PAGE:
While it might seem like a cost-effective choice to remain a solopreneur, the reality is that a business cannot scale without a team at its helm. There are only 24 hours in a day and there’s only so much a single person can accomplish. At a certain point, there will come a time where the business grows too large for its owner to handle alone.
However, building a team for the sake of having one isn’t the solution for success. In fact, an inefficient or unskilled team can ultimately hold you back further than if you were going solo. To truly capitalize on your business’s growth, you have to find the right team—or, in other words, your dream team.
What does your dream team look like? Who does it include? Those are questions only you can answer, as nobody understands your brand and your business goals as intimately as you.
Use these tips to determine who to hire and how to know if someone is the right fit.
Sit down for a brainstorming session.
You know you need help, but where? Grab a piece of paper and start writing down everything you do in your business, from the exciting responsibilities that fill you up to the mundane tasks that drag you right back down. You need to have a clear picture of your current workload so you can identify the areas you can delegate to your team.
Once you’ve exhausted your list of regular tasks, start categorizing them based on how much you enjoy them. This may look like a T-chart, a handful of sticky notes on the wall, or a numbered rating system. However it makes sense, begin teasing out the responsibilities you love from the ones that you dread.
As you likely guessed, those that you love should stay in your domain. You’re good at them, they make you happy, and they contribute to your business’s growth. Easy. Everything else can be moved off your plate to someone who is better equipped, like a virtual assistant, a social media specialist, a bookkeeper, or an operations manager.
Look for candidates in the right places.
When you know the roles you need to fill, create comprehensive job descriptions that outline the responsibilities for each position, the qualifications you’re looking for in a candidate, and the expectations for the job (i.e. hours per week, pay rates, etc.)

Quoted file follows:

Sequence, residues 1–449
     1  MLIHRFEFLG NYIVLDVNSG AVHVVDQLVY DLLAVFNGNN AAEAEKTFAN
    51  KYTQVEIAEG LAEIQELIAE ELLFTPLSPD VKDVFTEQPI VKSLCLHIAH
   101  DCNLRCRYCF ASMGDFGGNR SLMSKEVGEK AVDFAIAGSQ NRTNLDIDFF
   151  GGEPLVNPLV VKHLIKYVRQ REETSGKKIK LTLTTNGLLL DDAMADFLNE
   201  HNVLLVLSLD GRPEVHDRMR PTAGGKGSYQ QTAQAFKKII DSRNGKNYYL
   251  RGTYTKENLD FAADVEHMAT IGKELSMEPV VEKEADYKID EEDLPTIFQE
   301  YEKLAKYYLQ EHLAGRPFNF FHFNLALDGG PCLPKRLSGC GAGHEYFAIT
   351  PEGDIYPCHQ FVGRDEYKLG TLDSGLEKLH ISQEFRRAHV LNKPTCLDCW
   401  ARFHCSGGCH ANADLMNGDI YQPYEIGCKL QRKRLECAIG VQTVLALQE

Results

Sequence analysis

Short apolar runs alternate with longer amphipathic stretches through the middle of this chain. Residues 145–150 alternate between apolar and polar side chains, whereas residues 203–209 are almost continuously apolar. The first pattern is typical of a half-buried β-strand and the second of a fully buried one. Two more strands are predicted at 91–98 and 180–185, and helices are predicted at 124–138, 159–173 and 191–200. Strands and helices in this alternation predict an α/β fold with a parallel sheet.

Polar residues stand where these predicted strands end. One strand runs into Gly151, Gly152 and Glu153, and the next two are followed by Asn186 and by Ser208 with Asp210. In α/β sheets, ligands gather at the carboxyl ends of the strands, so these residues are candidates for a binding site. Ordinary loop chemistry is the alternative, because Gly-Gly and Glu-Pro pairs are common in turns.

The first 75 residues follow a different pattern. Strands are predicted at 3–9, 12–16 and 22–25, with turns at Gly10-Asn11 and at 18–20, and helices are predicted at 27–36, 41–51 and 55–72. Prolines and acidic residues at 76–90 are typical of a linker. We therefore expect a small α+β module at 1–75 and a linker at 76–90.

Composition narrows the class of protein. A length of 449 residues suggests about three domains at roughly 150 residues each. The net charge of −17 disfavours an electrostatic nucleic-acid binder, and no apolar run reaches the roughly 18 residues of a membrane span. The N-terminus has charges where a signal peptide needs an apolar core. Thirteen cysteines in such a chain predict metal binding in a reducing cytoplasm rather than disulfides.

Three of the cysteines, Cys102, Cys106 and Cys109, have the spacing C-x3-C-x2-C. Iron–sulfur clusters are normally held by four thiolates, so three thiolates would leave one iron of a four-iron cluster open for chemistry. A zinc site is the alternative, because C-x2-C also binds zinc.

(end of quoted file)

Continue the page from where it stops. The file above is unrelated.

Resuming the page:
Then, share your job description(s) all across your network! You may be wondering: “What about all of those job listing sites, like Monster or Indeed?” While you can certainly post on general job boards, your inbox will likely be inundated by unqualified applicants.
Instead, leaning on your network can turn up great, qualified candidates recommended by those you already trust. Share your job description(s) on social media, send it to your industry email list, and submit it to your associations to share with their members.
Go beyond basic interview questions.
A resume is a great way to review an applicant’s experience and qualifications, but it does not reveal one of the most vital elements of a good hire: their personality. That’s why the interview stage is a critical part of building your dream team—one wrong hire can result in inefficiencies, lost business, and internal drama. No, thank you.
Consider starting the interview process with a personality test to get a general feel of who a candidate is and how they’d fit into your business. Since personality tests are not 100 percent reliable, these results should not be deciding factors. However, they can still clue you into someone’s strengths and weaknesses, particularly in interpersonal situations.
It’s also smart to schedule working interviews, which allow a candidate to shadow you for a day and participate in the business as if they were an employee. This approach allows you to present real-world challenges and pose in-the-moment questions that force them to think on their feet and find creative solutions. In an industry where it’s essential to be adaptable, this opportunity lets you assess their problem-solving skills and how they interact with clients and other team members.
The hiring process can be long and frustrating, especially when the right candidate doesn’t seem to be showing up. However, there’s no reason to rush a hire without being fully confident in the decision. A poor hire is worse than no hire! After all, you’ve been getting along without the support so far; bringing the wrong person in can negatively influence productivity and force you to go through the hiring process all over again.
Do it once, and do it right. The effort will be worth it when you have a supportive team that understands you, your brand values, your business goals, and how they fit into the big picture.